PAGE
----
How to Have Sales Meetings That Aren’t a Waste of Time
How’s this for a radical thought: Sales managers should not dread leading regular team meetings, and it shouldn’t be drudgery for salespeople to participate in them!
Sales meetings can be powerful and productive; they need not be painful. They’re supposed to align, equip, energize and engage the sales team. Nowhere is it written that they must be a waste of time and energy or the low point of the week / month / quarter for the sales leader. In fact, sales meetings offer a wonderful opportunity to reinforce the desired culture of the sales organization, set the tone for the team, celebrate victories, encourage hearts, share best practices, improve selling skills and help team members feel part of something bigger than themselves!
Oh, it’s easy to understand why so many people hate sales meetings. While I’ve sat through a small handful that have been wonderful, most made me squirm in discomfort and want to scream. There are plenty of valid reasons sales meetings get a bad rap:
- The meeting has no stated purpose; salespeople aren’t even sure why they are there.
- There is no respect for time. Salespeople, and often the sales manager, wander in late. Or, worse, meetings run long and don’t end on time.
- Salespeople show up distracted by other issues or with a bad attitude; they are present in the room (or on the call), but not truly “present.”
- They become bitch sessions and a negative feeding frenzy about everything that’s wrong in the company.
- They’re all the same, and, frankly, pretty darn boring.
- Managers misuse the team meeting as an inappropriate venue for accountability and berate or embarrass sales reps.
- They’re not even sales meetings! The majority of time is spent on project updates, operational and service issues, corporate nonsense and other non-sales items.
Meetings like I just described are not only all too common, but they accomplish the exact opposite of what they’re supposed to do in the first place. Instead of leaving the meeting better equipped and more invigorated to sell, team members leave drained, exhausted and demotivated! Who wants to sacrifice valuable selling time to attend a meeting like that?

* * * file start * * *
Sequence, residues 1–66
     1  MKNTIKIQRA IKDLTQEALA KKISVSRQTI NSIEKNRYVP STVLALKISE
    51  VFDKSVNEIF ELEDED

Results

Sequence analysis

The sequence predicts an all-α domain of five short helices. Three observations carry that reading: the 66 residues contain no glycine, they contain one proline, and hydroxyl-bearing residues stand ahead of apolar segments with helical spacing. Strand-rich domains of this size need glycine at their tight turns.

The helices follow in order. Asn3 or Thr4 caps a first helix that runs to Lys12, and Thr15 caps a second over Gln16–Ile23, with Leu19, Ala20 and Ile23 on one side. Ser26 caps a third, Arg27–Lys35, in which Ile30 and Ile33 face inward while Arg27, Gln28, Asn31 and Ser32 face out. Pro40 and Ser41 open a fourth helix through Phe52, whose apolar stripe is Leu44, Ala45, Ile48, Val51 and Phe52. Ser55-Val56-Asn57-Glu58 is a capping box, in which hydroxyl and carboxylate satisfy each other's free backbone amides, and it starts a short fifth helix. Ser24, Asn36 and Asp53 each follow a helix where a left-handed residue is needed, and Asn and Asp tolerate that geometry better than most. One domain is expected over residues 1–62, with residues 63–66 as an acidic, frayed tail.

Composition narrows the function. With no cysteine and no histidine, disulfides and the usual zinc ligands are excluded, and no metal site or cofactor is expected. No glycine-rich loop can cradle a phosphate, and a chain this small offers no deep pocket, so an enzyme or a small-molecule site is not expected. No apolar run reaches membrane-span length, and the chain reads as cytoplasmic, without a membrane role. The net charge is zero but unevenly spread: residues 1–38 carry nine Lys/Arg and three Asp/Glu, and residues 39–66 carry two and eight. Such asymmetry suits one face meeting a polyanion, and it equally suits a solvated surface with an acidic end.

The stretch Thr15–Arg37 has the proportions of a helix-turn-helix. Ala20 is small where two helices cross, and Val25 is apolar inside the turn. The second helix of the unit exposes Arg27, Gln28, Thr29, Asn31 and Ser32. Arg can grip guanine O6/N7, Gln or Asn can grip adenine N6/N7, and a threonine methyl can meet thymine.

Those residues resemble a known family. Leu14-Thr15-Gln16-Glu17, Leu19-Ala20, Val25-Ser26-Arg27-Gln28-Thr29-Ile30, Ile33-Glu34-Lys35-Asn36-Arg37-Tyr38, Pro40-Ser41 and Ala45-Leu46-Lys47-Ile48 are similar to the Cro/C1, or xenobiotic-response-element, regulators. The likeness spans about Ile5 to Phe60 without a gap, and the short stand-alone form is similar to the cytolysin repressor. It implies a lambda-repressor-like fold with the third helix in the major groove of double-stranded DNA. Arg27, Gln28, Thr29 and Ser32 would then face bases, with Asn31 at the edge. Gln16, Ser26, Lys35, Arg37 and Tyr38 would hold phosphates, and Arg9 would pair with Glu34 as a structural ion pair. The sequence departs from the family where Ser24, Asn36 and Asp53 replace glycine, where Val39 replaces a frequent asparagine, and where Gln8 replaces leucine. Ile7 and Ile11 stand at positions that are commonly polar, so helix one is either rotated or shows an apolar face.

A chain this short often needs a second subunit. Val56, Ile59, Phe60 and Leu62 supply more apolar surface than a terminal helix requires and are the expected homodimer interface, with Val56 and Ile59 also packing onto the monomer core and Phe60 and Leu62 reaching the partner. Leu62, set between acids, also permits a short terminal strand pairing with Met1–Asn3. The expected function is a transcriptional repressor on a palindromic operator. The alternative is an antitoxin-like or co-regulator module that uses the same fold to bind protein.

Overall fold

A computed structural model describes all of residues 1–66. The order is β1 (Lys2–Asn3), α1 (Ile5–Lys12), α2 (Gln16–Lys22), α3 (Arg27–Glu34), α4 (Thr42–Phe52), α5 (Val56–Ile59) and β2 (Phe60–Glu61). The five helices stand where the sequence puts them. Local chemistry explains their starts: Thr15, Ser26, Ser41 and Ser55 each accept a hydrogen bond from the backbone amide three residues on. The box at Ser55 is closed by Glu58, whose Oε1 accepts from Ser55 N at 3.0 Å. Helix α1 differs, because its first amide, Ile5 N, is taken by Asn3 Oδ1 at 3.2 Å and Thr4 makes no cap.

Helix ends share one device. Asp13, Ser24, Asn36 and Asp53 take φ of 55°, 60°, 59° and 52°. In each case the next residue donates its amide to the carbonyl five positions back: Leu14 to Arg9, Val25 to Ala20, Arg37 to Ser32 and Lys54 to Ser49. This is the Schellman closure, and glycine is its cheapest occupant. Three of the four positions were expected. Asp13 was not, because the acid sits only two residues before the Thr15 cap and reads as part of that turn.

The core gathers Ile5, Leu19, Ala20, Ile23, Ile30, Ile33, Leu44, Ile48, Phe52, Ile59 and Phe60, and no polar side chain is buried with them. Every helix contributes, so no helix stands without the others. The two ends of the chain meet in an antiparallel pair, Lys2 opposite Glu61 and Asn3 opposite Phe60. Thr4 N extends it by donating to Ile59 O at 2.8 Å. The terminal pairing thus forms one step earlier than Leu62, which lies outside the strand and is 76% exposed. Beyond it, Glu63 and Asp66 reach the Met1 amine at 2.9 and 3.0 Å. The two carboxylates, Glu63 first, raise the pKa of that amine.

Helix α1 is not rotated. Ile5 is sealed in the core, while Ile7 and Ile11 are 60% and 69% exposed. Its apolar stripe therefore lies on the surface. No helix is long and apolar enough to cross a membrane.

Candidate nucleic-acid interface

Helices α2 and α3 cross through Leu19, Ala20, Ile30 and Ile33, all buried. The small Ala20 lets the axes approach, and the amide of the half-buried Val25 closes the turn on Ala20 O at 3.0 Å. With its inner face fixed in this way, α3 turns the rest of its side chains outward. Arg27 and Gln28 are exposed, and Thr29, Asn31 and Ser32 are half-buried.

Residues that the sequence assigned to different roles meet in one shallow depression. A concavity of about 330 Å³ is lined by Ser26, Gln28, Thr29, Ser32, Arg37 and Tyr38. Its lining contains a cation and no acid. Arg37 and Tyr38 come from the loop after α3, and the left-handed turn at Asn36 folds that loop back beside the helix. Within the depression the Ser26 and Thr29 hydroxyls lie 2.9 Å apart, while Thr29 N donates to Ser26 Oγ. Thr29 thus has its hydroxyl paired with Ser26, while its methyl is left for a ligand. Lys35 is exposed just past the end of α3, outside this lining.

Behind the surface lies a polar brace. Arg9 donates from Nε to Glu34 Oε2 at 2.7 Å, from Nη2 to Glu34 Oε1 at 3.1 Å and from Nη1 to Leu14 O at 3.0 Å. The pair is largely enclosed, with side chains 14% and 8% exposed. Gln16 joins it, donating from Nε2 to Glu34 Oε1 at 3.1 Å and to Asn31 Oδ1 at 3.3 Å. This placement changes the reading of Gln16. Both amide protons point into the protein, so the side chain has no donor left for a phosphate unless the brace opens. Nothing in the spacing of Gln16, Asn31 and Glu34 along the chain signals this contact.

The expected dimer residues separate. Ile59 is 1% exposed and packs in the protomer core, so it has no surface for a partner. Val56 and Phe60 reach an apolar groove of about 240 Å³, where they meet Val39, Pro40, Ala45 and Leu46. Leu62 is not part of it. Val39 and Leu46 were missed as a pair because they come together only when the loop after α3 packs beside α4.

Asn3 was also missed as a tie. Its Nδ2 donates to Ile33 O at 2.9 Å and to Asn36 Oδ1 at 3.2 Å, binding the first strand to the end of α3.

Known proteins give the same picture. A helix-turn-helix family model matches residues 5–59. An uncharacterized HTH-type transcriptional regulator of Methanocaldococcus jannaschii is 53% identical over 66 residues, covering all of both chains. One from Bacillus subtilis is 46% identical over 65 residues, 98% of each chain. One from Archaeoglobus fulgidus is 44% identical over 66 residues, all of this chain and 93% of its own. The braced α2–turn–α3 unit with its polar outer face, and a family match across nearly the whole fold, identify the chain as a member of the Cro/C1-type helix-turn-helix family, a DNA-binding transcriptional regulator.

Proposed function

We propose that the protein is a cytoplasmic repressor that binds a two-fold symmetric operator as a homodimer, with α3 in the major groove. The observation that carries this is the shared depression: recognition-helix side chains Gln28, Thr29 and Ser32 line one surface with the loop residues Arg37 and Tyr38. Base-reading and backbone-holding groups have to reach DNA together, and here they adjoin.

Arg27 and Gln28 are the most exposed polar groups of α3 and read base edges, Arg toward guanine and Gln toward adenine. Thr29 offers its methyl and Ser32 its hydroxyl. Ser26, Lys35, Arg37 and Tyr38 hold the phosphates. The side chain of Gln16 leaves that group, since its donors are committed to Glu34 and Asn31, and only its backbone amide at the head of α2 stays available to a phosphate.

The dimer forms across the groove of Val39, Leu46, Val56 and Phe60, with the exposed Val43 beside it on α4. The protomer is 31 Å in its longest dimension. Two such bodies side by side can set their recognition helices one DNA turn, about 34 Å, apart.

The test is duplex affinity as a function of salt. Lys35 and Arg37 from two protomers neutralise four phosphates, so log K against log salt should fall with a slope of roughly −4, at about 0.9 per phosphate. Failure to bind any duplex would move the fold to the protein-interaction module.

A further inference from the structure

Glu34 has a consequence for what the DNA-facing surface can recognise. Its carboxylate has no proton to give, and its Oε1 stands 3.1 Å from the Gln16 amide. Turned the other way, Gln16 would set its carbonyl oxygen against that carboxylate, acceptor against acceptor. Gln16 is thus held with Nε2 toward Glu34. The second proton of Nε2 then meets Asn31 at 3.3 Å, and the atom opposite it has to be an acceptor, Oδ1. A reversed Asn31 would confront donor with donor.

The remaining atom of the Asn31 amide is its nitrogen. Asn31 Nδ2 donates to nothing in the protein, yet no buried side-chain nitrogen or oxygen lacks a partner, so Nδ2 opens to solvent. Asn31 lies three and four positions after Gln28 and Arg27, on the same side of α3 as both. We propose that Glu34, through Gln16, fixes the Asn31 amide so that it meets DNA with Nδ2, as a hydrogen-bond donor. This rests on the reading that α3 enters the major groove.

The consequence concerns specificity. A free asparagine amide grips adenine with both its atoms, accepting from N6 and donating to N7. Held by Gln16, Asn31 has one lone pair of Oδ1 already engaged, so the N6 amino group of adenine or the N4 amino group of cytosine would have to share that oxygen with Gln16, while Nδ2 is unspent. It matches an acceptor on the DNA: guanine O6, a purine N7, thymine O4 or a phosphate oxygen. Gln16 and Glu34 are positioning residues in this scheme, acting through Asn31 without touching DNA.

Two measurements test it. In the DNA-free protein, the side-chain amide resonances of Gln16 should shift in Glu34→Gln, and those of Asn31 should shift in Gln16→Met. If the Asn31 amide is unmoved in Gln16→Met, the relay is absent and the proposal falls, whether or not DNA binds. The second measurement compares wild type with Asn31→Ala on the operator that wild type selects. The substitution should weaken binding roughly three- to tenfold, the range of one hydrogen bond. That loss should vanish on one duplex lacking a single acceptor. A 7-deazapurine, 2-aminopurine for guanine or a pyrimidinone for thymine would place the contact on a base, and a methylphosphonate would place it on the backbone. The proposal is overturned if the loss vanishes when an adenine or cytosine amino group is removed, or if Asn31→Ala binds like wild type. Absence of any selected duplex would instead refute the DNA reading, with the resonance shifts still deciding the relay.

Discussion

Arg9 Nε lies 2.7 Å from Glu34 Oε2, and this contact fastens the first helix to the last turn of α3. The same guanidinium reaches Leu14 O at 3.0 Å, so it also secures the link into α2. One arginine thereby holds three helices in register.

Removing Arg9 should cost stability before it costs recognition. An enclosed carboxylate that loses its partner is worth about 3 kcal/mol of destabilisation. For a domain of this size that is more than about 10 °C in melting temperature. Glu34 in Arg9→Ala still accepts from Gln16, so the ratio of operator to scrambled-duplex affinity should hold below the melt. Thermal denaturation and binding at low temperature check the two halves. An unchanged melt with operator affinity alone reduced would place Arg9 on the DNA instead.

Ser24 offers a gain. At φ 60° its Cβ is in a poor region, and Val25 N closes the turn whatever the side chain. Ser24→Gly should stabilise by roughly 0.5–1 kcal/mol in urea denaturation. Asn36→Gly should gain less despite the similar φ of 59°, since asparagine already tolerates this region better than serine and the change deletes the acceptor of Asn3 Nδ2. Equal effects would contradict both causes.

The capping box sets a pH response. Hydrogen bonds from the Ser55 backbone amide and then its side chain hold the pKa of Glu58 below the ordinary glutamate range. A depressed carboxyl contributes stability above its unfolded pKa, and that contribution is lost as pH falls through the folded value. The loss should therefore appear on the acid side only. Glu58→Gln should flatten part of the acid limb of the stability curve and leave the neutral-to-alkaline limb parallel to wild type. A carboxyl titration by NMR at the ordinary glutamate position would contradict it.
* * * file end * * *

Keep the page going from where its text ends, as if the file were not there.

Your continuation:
One of biggest causes of bad sales meetings is that the sales manager carries too much of the burden. She does all the planning and prep work and then also plays host, facilitator, teacher, trainer and motivator during the meeting. That’s crazy. There is no rule stating that the manager must do all of this herself.
Here are three tips to radically reorient and recharge your sales team meetings:
1. Stop using your team meeting as a primary venue for individual accountability!
That is not appropriate. Save the hard conversations for your 1:1 meetings with team members. Yes, you absolutely must be holding regular results and pipeline-focused 1:1 meetings with each of your people on a regular basis (and I’ll share exactly how to do that well without coming across as micromanager or demotivating people in next week’s post for this series). It’s fine (and necessary) to review results and rankings in sales meetings. By all means, distribute sales reports and highlight outstanding performance. But don’t take potshots at underperformers or try to embarrass them in the team meeting. Frankly, that doesn’t motivate anyone and it also makes you look like an ass.